scooterlife - photog's blog

Motorcycles. Scooters. Wheelchairs. Tape. Whatever rolls.

Friday, July 08, 2005

Gas prices up again

Regular just went up to $2.35 here at one station in Raleigh, around the $2.20 range near home.

One friend of mine theorized that noone will change their driving habits until it goes well over $3/gal, maybe closer to $5/gal. While that may be true for his friends that share the same tax bracket, I think the folks who are closer to the low end of the pay scale are going to feel the pinch and it's going to leave a nasty bruise. Gas, groceries, day care...the necessities are always a struggle for some families. Those that may just cut back on a few $8.50 movie tickets are in better shape than the ones that have to trade meds for gas, or groceries for day care, when they can't afford both.

While I'd love to tout scooters as the answer, I don't think tighter-budgeted families can just drop $1500-$2100 for a new scooter or even $700 for a workable used one. The money for a new Zuma would buy a servicable used car that could get kids to daycare, dad to work, mom to the grocery store. Even if they could get a scoot, not everyone is the situation where work, home, and groceries are in a 5 mile radius accessed by <45mph roads.

And while I've got no problem jumping on a public transit bus, I don't think it's within the mindset of most folks who haven't had to use a bus since they rode a big yellow one in junior high.

So as gas prices rise, one group won't feel the pinch as much but has the money for alternative transportation...and another group will feel the burn yet will have to rely on public transportation (if it's accessible) or simply cut out more of an already stressed budget.

Long-term, I think one of our biggest issues is how we've grown into a nation of commuters, dependent upon high-speed roadways to get anywhere, versus living in communities where work, play, groceries, and other necessities are within walking/biking/scootering distance. I haven't researched how planners are looking at this from a long-term perspective driven by oil prices--I've only heard it discussed from a holistic approach to create more compact communities and as such are less dependent on automobiles for families to function well.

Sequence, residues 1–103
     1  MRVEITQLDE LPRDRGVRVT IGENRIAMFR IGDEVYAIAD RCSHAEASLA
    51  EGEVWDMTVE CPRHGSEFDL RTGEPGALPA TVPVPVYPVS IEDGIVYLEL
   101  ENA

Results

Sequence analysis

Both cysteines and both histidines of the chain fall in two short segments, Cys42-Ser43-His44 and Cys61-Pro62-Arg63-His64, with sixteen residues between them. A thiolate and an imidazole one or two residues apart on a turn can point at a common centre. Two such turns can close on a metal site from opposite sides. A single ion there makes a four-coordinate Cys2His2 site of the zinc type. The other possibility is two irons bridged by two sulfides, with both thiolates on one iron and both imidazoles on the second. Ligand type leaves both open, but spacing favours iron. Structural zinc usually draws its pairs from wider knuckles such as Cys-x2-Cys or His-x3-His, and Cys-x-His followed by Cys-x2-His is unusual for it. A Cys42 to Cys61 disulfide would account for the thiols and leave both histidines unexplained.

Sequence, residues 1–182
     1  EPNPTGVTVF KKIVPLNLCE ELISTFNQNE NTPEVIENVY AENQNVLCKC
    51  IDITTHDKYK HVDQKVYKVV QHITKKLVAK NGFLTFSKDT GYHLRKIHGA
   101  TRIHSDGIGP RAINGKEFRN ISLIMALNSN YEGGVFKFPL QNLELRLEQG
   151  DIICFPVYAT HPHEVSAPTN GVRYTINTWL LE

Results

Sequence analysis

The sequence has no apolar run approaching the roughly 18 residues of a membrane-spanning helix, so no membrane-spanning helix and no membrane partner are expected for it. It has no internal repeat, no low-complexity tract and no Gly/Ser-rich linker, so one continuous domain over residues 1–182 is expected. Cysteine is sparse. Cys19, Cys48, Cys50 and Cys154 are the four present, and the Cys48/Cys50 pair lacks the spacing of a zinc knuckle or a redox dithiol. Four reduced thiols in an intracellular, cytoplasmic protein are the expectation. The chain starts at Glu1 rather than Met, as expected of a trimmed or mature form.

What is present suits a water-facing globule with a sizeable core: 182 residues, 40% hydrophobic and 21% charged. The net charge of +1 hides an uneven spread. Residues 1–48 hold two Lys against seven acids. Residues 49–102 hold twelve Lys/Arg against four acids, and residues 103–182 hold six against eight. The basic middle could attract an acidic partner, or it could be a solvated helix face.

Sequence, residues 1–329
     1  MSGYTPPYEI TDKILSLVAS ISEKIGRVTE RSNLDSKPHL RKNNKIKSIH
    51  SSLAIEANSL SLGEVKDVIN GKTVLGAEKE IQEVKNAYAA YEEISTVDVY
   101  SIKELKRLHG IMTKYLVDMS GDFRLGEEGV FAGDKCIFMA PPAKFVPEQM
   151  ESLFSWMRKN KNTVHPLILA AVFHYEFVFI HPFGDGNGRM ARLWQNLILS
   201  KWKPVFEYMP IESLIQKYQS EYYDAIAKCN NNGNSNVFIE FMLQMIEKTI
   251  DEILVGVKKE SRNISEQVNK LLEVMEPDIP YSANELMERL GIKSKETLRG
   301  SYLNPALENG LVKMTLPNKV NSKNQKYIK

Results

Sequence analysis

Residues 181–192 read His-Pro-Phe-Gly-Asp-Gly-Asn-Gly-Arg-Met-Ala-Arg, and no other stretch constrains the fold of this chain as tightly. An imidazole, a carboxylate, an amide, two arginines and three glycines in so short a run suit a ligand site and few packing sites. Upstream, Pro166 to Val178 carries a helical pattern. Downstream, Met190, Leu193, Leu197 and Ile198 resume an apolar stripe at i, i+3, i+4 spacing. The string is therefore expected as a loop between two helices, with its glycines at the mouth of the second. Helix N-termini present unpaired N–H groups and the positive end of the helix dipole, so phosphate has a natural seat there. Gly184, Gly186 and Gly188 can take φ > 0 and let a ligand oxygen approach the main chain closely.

It was only two bucks to fill up the scoot tank tonight, and I'm thankful that it cost about 30 cents to run to the post office, insurance company, DMV, and grocery store.

About the only thing I can do besides take care of my household is model behavior that might make alternative transportation attractive to others. The fuel I save is a drop in the bucket; it's negated by any one of the cars and trucks in our row of homes. But if one person--just one--decides that a scoot or a Prius or a bicycle might be the better tool for the job than their Escalade, then something might take hold.

OPEC hasn't sent me an e-mail asking me to come back to the fold and put the Trooper back on the road and the Zip in the storage shed. Oil's still pumping out of the middle east, SUV's are selling like crazy, and there's no letup in traffic on the Raleigh beltline.

It's gonna take more than a full-scale attack on our wallets via gas prices to get people to rethink transportation, because in doing so, they have to rethink the way their lives are structured--everything from how and where and why they work to how they live. That sort of change doesn't happen from external prodding--it's one of those things that happens from a decision made at a gut level, an evolution, a major shift in how a generation looks at a roadmap that details what a house looks like, what success looks like, that you trade in a car at 35K miles, that you live in the suburbs and commute to the technology center via the superslab. Anything more extreme than buying a Prius or Civic is akin to deciding to live "off the grid", with the grid being the Matrix of status quo. Personally, after doing it for years, I don't think I could go back to devoting 2 or more hours of my life every day to commuting--sitting in stop-and-go traffic on I40. But to avoid giving 10 or more unpaid hours each week to someone other than family, it takes are huge restructuring of almost everything in your life; like dominoes, changing one element will change others.

The revolution will not have a CVT.

Not for most, anyway.

So far, it's working fine for me, though. I wonder how many others there are out there like me.